Gandhiji strikes a remarkable chord with all those who have cherished the principles of non-injury, cared for the environment, practised vegetarianism, worked energetically to conserve air, soil, and water, resisted the depredations of developers, recycled paper, or accorded animals the dignity of humans.

Anticipating Anthropocene

In contemplating his life, his anticipation of the Anthropocene is striking. “God forbid that India should ever take to industrialism after the manner of the West. The economic imperialism of a single tiny island kingdom [England] is today keeping the world in chains. If an entire nation of 300 million took to similar economic exploitation, it would strip the world bare like locusts,” Gandhiji told an interlocutor in 1928.

What if, Gandhiji asks, nature was the bearer of rights? What would nature have to say on this subject? No less remarkably, though Gandhiji wrote no ecological treatise, he made one of his life. This is one life in which every minute act, emotion or thought was not without its place. The brevity of Gandhiji’s enormous writings, his small meals of nuts and fruits, his morning ablutions and everyday bodily practices, his periodic observances of silence, his morning walks, his cultivation of the small as much as of the big, his abhorrence of waste, his resort to fasting — all these point to the manner in which he orchestrated the symphony of life. No philosopher of ecology could have done as much.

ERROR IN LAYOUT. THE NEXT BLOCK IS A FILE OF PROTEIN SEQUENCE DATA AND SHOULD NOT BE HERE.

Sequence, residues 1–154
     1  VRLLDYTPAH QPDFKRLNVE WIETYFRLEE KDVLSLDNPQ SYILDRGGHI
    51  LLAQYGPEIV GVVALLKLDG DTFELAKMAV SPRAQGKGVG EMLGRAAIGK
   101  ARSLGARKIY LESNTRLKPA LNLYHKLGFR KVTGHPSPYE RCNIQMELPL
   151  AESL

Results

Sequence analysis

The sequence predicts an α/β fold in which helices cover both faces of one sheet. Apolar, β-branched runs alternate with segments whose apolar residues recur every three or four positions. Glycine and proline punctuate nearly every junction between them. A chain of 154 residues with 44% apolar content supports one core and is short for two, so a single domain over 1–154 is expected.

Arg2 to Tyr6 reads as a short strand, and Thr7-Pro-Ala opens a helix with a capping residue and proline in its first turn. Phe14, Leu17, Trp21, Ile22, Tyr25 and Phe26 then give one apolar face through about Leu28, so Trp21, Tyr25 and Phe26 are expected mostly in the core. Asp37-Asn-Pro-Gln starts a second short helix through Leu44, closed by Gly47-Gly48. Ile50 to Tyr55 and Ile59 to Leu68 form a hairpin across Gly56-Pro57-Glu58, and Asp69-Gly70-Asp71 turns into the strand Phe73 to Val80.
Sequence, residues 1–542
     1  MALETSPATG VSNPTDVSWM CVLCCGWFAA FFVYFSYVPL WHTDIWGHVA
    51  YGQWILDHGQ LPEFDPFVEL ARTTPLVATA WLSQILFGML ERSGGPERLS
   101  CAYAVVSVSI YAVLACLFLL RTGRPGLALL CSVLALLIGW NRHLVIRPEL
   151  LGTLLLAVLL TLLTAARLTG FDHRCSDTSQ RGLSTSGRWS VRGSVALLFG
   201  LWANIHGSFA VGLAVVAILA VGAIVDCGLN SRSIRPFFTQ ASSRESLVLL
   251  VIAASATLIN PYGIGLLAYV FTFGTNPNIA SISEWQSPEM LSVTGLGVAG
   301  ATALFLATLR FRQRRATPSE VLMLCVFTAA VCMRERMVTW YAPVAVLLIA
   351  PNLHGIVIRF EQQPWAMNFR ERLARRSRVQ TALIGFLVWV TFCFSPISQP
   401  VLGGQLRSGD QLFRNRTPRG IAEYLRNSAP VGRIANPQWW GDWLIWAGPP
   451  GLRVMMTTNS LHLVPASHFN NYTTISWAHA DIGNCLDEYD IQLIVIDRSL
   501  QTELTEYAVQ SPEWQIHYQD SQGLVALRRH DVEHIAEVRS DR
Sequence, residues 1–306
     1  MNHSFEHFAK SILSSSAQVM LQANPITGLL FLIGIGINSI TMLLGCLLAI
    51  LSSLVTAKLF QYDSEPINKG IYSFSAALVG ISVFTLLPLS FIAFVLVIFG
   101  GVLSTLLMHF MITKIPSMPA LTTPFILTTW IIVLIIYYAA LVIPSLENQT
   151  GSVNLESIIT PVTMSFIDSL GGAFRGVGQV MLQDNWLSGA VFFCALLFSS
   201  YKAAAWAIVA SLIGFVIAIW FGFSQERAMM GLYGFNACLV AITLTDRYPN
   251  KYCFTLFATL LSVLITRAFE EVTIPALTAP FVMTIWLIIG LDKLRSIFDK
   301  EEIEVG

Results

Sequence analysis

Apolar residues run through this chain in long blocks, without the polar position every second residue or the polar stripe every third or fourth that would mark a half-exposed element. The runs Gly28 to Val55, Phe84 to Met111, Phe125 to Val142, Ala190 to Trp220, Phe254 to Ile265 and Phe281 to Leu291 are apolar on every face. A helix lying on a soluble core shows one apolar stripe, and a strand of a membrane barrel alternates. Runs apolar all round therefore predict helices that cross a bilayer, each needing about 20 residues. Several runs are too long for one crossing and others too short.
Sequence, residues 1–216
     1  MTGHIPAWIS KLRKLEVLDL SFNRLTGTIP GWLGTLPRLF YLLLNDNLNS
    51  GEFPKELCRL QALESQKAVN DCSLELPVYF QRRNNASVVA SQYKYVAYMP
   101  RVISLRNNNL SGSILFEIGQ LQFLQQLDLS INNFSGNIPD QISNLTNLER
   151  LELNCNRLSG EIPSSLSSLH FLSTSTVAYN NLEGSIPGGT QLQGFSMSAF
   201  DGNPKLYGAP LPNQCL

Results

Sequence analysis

Vinay Lal is a Professor of History and Asian American Studies at University of California, Los Angeles

Our code of editorial values

Related Topics
This article is closed for comments.
Please Email the Editor

Printable version | Jun 21, 2021 6:07:29 PM |

Next Story